The macula is the central portion of the retina, the thin layer of light sensitive tissue located at the back of the eye. The macula is used for central vision, so when the cells of the macula deteriorate, central vision is lost along with the ability to perform tasks such as reading, writing, driving, recognizing faces.
This results in "macular degeneration", a disease that principally affects the elderly and is the leading cause of blindness in the western world. Younger patients can also be affected by genetic forms of macular degenerations such as Stargardt disease, vitelliform (or Best) macular degeneration (VMD), Sorsby's fundus dystrophy, and malattia leventinese (Doyne honeycomb or dominant radial drusen).
Hundreds of genes have been associated with macular and retinal degenerations. Individual types of photoreceptor degeneration are distinguished by their modes of inheritance, patterns of visual loss, clinical appearance of the retina and defective gene(s) involved.
Photoreceptor death may take years to decade after birth and the mechanism of degeneration are poorly understood in most cases. However, several macular dystrophies are marked by the accumulation of lipofuscin (fluorescent deposits) in the retinal pigment epithelium (RPE) cell layer. In the aged human eye for example, lipofuscin can occupy as much as 20% of the volume of each RPE cell. Although this RPE layer is extremely thin (around 10 micrometer or 5-10 times thinner than the diameter of a human hair), it is critical for the proper functioning of the retina because it acts as a transport exchange system with the blood vessels and is critical for the regeneration of the photoreceptors.
The accumulation of lipofuscin in the RPE is believed to play an important role in the course of these diseases: lipofuscin levels increase and contribute to a decline in cell function, followed by vision loss.
Various in vitro experiments have demonstrated lipofuscin’s toxicity to RPE cells by a variety of mechanisms (example of oxidative stress on the figure). It has also been argued that lipofuscin acts as a nucleation site for "drusen". The number and appearance of drusen is used as a primary clinical sign for diagnosing and grading the severity of macular degeneration. Lipofuscin has also been implicated in stimulating inflammatory responses and inflammation has been suggested as an underlying cause of macular degeneration.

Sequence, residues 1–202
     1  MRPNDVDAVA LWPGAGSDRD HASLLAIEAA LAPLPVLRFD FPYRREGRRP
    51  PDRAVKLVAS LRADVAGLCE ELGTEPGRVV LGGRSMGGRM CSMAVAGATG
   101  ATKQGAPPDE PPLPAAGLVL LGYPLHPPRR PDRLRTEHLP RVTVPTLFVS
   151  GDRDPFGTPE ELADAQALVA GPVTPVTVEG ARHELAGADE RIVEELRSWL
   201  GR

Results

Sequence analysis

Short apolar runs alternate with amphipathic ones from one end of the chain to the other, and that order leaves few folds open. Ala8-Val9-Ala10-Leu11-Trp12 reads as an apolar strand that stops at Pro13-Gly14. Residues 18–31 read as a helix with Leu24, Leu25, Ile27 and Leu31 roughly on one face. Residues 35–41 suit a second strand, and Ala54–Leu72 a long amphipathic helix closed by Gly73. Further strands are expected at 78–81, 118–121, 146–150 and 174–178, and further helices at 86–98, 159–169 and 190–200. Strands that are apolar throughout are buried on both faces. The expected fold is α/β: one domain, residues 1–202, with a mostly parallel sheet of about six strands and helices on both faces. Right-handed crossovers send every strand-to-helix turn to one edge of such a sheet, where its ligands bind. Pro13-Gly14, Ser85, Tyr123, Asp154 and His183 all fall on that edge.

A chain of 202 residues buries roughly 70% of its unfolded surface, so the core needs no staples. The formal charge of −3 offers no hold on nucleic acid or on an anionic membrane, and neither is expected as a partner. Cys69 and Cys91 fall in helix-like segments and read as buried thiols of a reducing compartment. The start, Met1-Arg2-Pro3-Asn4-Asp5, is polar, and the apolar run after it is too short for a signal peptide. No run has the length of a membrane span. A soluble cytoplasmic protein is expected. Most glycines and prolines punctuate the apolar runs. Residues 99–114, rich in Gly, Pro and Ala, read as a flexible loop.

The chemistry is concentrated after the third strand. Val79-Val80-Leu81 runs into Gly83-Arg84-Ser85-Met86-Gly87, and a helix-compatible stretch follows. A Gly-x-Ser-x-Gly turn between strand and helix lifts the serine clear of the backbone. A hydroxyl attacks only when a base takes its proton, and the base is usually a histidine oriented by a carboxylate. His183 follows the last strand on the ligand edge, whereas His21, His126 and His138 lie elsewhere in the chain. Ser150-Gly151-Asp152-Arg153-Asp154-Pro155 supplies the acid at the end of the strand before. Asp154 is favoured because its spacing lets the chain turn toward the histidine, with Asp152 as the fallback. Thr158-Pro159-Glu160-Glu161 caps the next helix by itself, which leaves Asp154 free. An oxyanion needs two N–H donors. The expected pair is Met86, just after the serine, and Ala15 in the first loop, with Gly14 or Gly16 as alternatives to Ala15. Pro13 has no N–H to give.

Others argue that there is sparse evidence that links lipofuscin accumulation with retinal degeneration. In fact, most clinical evidence is based on observation that lipofuscin is observed prior to retinal lesions. A formal cause-and-effect relationship between RPE lipofuscin and the development of retinal degeneration has not yet been clearly established. Moreover, decades after its discovery in the eye, it remains a mystery as to just how lipofuscin is exactly formed.
As the accumulation of lipofuscin is one of the earliest signs of aging, it has been theorized that methods to prevent its formation may even slow aging; developing a clinical method to stop, control or reduce the accumulation of ocular lipofuscin could lead to a critical therapeutic treatment for the prevention of vision loss.
In the disc lumen of the normal functioning eye a portion of the vitamin A derivative retinaldehyde is bound to a phosphatidylethanolamine lipid. A rim protein is responsible for transporting most of the retinaldehyde – phosphatidylethanolamine complex out of the disc lumen where retinaldehyde is then processed to enable vision. Patients with Stargardt’s disease have a genetic defect in the gene encoding for the rim protein, the ABCA4 gene. In the absence of its proper transporter, retinaldehyde – phosphatidylethanolamine complex reacts to form toxic vitamin A dimers (A2E and ATR-dimer), which precede clinical signs of Stargardt.
By protecting the chemical bond involved in the reactivity of the retinaldehyde – phosphatidylethanolamine complex to form vitamin A dimers, ALK-001 was able to slow the formation of A2E and lipofuscin. This protection can indeed allow more time for the retinaldehyde – phosphatidylethanolamine complex to be cleared out of the disc lumen via alternative pathways, preventing the formation of vitamin A dimers
ALK-001 is a compound resulting from several years of collaborative research across several scientific and medical fields. When placed in a test tube, ALK-001 slowed the reaction of formation of lipofuscin by 7 times (figure to the right). ALK-001 was then tested in an animal model of Stargardt disease and showed 80% reduction of A2E formation after 3 months and significantly better visual function as measured by electroretinogram (ERG) after 12 months (figure to the left).